12 Weeks to Calm – Week Seven

Picture - Emerson

Welcome to 12 Weeks to Calm – Week Seven. Yoga is steeped in ancient Indian tradition. The Sanskrit word for yoga has several definitions, basically meaning ‘uniting’ or ‘a method of discipline’. The practice unites the body, mind and breath.

What is Yoga?
Traditionally, yoga was taught orally directly from the teacher to the student. While yoga has been practiced for more than 5000 years, the Yoga Sutra was written which has helped to bring yoga to the wider world. Hatha yoga (the physical side of the practice) was originally created as a vehicle for meditation, and prepares the body for stillness. It is the form of yoga that addresses both body and mind, and requires discipline and effort. By creating physical strength and stamina in the body, the mind can be calm.

How to Practice Yoga
Yoga is such a popular physical activity that there are many options for it’s practice. Many gyms offer yoga as a group fitness class, or you can use a site like Find Yoga to find a studio or class near you. Community colleges often run relatively inexpensive courses.

If you would prefer to try it in your own home, there are many DVDs and even apps that you can use to learn the poses. I borrowed a fantastic DVD from my local library, and after taking several classes at my gym I was able to continue my practice at home. Healthline named their 10 best yoga apps of 2014 here for some download ideas.

Once you have practiced yoga for a little while, you can start your day with some of your favourite poses. I love doing sun salutations on waking – it’s the perfect way to stretch after being curled up in bed, and to get the blood flowing for the day.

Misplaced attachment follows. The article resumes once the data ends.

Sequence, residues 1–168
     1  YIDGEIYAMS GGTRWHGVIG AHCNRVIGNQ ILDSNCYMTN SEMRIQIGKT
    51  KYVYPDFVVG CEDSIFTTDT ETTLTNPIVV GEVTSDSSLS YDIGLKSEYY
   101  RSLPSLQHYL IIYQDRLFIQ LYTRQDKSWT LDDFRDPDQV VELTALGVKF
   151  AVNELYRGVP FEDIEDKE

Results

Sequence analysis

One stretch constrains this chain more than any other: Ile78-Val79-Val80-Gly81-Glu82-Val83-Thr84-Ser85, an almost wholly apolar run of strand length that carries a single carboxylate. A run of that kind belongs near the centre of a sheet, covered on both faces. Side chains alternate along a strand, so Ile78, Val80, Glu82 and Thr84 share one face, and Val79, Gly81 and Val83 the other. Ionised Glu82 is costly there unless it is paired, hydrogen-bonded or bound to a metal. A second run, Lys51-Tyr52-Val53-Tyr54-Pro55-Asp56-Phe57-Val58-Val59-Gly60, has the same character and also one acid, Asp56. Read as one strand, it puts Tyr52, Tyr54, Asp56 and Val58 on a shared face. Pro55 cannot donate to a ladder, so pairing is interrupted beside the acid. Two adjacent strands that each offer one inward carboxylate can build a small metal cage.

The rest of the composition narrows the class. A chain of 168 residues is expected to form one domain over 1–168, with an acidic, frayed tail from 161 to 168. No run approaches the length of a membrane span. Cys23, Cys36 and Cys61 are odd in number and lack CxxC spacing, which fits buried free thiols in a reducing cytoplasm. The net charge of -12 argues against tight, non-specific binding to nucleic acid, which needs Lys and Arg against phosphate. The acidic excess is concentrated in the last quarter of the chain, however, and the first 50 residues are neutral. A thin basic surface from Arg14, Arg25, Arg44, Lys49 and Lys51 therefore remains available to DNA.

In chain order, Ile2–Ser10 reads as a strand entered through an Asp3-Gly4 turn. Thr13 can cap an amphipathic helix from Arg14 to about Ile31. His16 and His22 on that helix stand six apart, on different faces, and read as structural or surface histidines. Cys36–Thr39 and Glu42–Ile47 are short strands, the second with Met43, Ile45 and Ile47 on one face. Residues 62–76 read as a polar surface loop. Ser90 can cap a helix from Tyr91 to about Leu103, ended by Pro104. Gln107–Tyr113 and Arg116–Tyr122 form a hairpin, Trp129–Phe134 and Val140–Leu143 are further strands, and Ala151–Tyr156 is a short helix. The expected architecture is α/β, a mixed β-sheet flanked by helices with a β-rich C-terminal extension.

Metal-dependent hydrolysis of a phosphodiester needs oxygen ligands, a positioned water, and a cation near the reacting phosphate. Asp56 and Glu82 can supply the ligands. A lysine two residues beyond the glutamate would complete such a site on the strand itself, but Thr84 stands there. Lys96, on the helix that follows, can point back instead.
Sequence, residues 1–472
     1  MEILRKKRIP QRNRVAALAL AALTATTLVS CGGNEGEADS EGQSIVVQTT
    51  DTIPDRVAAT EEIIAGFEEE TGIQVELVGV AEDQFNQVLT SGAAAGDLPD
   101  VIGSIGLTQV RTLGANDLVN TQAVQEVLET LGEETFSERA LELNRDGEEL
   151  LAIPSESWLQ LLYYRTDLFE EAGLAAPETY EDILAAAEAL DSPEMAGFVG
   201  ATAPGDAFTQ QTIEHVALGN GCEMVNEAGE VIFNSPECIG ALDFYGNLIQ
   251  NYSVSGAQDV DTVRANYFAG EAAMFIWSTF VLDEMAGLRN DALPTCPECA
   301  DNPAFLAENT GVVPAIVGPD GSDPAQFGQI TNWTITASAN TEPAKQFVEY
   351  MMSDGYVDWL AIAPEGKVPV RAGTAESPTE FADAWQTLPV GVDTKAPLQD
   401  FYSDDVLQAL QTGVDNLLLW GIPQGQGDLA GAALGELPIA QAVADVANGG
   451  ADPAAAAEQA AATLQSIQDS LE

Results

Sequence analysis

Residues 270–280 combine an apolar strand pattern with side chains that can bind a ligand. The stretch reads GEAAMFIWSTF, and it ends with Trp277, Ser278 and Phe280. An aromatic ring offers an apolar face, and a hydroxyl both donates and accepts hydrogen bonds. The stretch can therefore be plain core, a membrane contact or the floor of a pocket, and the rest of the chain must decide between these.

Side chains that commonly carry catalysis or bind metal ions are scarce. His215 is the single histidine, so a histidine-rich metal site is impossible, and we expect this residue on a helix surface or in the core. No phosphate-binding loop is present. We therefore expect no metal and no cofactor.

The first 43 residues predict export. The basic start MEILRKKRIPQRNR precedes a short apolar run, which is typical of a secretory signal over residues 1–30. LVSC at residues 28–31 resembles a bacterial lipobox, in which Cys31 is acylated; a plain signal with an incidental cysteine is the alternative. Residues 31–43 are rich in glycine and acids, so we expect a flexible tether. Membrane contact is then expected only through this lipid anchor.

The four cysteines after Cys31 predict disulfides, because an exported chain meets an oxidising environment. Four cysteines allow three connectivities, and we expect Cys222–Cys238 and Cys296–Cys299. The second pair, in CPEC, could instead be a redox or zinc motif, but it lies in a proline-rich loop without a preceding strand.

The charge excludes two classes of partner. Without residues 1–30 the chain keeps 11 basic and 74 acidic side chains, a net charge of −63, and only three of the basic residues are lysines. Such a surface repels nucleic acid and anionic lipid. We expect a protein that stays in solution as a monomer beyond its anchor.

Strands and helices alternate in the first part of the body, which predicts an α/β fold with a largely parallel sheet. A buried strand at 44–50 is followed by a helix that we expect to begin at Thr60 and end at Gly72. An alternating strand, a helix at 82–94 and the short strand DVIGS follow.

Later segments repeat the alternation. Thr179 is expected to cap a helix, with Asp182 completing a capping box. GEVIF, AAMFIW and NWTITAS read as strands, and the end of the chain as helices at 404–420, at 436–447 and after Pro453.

Yoga is an inexpensive form of exercise to start, as all you need is a mat and comfortable clothes. Blocks and bands that can be used later are optional.

Health Benefits of Yoga
There are many health benefits of yoga – hence why it has a 5000 year history! According to The Better Health Channel, yoga exercises are designed to put pressure on the glandular system of the body, which increases the body’s efficiency and health. The breathing techniques that are taught increase breath control, which in turn improve body and brain function. The asanas (movements) will develop strength and flexibility when practiced regularly. The Better Health Channel also outlines the following benefits:

  • Cardiovascular system  – asanas rely on holding muscle tension for a short period of time. This improves cardiovascular fitness and circulation. Studies show that regular yoga practice may help to normalise blood pressure.
  • Digestive system – improved blood circulation and the massaging effect of surrounding muscles speeds up a sluggish digestion.
  • Musculoskeletal – joints are moved through their full range of motion, which encourages mobility and eases pressure. The gentle stretching releases muscle and joint tension, and stiffness, and also increases flexibility. Long-term benefits include reduced back pain and improved posture.
  • Nervous system – improved blood circulation, easing of muscle tension and the act of focusing the mind on the breath all combine to soothe the nervous system. Long-term benefits include reduced stress, anxiety and fatigue, better concentration and energy levels, and increased feelings of calm and wellbeing.


My Experience
I started yoga about 10 years ago, and have practiced it on and off. I find it to be an incredibly relaxing form of exercise. You can really challenge yourself, and you will notice improvement from week to week, which is a great motivator to keep going. One of my favourite things to do after a stressful day is a 20 or 30 minute yoga session by candlelight. It is so incredibly relaxing and really brings you back to earth. I would love to go to a retreat one day – it’s on my bucket list!

Yoga is a fantastic exercise for people of all ages. I have taught my students some poses, and my mum practices yoga with people in their 80’s! The only question remains… when will you book into a class?


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